It has a scientific platform, so it'll be doing in-sea trials. It will be doing work on krill, work on the Southern Ocean system, work on the impacts of climate change on our great oceanic system.
So this is the future – here, now, in Tasmania.
And so with that, I am delighted to say that the Commonwealth will today be signing the agreement with DMS Maritime, and to be built by Damen Shipyards.
It's a great achievement, and to our negotiators and Peter Block and David Sumner and team, marathon effort, great outcome, we thank you, we congratulate you.
And we say to Tasmania, you are now the future. Thank you.
Thank you Ministers. I'd now like to introduce Mark Irwin, who will speak on behalf of DMS Maritime and we'll then go to the signing. Thank you.
Nick, thank you. Thank you Minister Bishop, Minister Hunt, distinguished guests, ladies and gentlemen.
May I begin by paying respect to the traditional and original owners of this land, the Mouheneener people, to pay respect to those who have passed before us and to acknowledge today's Tasmania Aboriginal community, who are the custodians of this land.
I am very proud today on behalf of Serco to be able to sign this contract with the Government. It marks an important milestone as we journey towards delivering, as you heard from the Minister, a state of the art vessel; which will support internationally important research for our scientists to conduct over the next 30 years.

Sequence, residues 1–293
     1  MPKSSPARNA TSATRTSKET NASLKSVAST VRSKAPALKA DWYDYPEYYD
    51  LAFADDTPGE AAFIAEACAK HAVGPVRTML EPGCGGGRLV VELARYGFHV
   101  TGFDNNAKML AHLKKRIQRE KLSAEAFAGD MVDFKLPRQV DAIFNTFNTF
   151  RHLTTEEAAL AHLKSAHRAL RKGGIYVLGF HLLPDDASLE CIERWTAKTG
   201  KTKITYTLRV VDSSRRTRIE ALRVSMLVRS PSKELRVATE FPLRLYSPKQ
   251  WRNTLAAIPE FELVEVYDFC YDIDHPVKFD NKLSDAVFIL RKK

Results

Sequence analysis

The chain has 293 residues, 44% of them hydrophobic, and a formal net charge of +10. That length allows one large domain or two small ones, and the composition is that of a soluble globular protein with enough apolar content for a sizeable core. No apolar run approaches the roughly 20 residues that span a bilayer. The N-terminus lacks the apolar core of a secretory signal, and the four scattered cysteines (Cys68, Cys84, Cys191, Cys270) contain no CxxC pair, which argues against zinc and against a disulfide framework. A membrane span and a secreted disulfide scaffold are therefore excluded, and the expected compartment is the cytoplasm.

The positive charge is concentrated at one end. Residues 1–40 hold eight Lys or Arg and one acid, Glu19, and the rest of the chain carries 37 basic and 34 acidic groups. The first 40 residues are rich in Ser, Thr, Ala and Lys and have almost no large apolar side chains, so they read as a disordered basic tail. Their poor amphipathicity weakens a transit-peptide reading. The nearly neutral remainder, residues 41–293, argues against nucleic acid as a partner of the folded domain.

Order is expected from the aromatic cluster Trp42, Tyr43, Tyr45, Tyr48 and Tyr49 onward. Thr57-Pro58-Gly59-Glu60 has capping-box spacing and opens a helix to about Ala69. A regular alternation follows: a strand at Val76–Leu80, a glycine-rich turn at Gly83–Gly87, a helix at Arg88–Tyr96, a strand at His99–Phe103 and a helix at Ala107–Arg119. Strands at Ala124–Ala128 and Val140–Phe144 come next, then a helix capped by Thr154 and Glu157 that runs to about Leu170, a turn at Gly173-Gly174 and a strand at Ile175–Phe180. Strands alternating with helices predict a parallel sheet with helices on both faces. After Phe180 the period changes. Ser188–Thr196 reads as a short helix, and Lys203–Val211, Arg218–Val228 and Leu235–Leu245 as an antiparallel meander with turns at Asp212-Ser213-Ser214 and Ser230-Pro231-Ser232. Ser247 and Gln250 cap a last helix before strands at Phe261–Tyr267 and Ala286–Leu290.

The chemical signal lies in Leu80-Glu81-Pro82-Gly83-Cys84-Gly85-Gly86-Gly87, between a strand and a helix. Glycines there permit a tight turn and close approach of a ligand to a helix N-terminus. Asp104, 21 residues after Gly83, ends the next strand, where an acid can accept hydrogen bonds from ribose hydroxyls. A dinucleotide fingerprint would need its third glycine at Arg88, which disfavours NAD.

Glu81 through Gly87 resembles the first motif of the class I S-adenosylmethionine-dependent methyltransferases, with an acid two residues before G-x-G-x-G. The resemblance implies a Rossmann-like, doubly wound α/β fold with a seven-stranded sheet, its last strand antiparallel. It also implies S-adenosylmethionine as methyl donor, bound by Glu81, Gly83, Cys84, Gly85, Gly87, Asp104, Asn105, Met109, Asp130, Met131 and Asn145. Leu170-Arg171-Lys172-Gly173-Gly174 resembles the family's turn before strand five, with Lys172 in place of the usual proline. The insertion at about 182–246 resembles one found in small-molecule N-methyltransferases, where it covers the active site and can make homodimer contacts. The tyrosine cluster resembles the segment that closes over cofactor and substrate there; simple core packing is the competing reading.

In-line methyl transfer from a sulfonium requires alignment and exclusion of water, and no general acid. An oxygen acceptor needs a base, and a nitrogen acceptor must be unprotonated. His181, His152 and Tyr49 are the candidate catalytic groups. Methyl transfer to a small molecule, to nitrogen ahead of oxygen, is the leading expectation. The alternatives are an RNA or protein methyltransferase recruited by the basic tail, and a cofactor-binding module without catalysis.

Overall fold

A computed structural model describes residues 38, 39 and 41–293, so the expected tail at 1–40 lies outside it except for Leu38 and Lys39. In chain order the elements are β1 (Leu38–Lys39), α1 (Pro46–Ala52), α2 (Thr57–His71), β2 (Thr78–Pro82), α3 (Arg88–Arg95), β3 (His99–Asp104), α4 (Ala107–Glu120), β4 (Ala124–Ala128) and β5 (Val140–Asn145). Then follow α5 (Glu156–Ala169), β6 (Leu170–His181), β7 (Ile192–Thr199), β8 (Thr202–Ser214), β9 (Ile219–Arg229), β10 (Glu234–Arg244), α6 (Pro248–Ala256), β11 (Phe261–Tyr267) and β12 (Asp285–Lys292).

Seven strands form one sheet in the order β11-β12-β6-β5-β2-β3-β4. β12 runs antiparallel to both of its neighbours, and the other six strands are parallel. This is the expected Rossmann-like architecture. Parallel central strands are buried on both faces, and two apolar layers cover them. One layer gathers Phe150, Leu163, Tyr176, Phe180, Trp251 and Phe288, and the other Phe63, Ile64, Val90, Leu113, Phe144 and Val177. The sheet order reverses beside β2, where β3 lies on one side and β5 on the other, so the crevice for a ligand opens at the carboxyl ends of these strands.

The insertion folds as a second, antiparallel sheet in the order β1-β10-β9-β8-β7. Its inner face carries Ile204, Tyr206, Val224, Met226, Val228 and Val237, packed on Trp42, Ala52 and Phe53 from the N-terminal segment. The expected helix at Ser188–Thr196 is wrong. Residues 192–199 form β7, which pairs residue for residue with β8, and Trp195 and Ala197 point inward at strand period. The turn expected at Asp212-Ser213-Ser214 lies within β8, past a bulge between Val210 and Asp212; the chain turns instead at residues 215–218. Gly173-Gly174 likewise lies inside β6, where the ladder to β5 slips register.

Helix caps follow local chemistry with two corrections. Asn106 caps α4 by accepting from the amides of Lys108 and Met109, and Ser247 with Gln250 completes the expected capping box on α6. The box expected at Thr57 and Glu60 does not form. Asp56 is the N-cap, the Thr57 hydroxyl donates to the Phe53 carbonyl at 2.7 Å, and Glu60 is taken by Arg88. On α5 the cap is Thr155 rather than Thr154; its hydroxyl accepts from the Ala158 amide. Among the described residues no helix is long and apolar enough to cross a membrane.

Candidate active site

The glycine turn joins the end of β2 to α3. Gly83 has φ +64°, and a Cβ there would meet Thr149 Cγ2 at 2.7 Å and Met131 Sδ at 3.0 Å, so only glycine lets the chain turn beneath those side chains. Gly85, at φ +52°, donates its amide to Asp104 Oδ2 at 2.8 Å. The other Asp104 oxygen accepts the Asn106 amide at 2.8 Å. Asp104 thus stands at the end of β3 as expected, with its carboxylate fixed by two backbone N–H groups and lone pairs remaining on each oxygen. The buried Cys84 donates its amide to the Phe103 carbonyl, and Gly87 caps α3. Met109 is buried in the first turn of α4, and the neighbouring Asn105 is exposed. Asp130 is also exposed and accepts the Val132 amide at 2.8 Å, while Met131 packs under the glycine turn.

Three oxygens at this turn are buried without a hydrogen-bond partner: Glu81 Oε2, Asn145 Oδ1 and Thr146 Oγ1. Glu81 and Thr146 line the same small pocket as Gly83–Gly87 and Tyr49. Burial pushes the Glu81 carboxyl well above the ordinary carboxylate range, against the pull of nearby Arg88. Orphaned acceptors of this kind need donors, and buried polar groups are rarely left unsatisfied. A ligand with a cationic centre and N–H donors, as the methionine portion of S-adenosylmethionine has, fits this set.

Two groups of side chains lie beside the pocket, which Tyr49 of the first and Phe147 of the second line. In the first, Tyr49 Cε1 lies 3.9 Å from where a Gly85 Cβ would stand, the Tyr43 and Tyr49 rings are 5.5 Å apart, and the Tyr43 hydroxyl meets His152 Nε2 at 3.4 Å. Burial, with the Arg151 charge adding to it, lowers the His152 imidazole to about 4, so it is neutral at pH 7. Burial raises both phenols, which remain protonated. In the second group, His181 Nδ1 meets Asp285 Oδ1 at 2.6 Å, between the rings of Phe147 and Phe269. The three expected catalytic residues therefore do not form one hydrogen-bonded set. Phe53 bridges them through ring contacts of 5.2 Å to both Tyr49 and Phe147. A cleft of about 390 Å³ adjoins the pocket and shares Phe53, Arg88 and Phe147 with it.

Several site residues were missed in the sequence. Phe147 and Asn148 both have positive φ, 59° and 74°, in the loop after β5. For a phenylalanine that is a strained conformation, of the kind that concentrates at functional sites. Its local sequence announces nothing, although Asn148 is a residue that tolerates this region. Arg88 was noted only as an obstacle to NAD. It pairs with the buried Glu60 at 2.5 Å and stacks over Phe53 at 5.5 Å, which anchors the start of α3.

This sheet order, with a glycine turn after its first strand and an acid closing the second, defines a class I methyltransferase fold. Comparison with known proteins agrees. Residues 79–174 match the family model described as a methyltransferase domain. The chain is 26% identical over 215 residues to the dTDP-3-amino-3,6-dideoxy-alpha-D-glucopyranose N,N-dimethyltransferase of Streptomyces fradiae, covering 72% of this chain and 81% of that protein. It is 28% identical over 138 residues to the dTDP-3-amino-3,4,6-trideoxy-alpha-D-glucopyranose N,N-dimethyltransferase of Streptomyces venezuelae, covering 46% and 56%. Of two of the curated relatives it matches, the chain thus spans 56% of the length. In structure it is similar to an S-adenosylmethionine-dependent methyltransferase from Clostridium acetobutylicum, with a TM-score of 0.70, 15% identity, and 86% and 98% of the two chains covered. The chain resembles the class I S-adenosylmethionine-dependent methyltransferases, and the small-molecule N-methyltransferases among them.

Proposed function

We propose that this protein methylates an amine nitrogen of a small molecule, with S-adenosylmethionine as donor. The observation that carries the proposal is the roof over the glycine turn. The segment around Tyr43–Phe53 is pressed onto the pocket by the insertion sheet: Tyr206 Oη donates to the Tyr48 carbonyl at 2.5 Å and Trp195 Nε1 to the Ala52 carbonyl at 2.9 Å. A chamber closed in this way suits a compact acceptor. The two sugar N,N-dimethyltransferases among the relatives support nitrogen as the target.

The signing of this contract clearly further evidences the long term commitment of our government to scientific research and innovation, and we know that it will benefit the whole world and improve our understanding of the southern oceans and the Antarctic region.
The contract signing, as you also heard from the Minister is the consequence of a marathon effort two years in the making, two years of intensive preparation where our client – the Australian Antarctic Division – really set the highest standards in terms of safety, in terms of research and supply capacity, operational and environmental standards, and through life asset maintenance, all of this done in a very rigorous framework of value for money.
So we're absolutely excited about the design. It's learned from the last 30 years of the existing vessel and it takes it even further. It'll improve on almost every aspect of the existing vessel, and we are absolutely confident that it will deliver an outstanding service to Australia for decades to come.
I'd like to thank the AAD for a process, which despite its length was always pragmatic, productive and thoroughly professional to bring us to this point today, and I'd also like to thank our partner, Damen Shipbuilding and our DMS Maritime team. We've all worked together incredibly hard to bring us to this point today.
Finally I'd like to say that Serco's had the privilege of providing maritime services to the Australian Government for over 20 years now, and we are honoured that this project allows us to continue that service.
Our work with the AAD is also a continuation of our partnership with Damen. In recent years we've delivered eleven specialty vessels to the Royal Australian Navy, including the submarine rescue vessel Besant, which was commissioned at the end of last year and early next year we will commission a new maritime aviation training vessel for the Navy as well.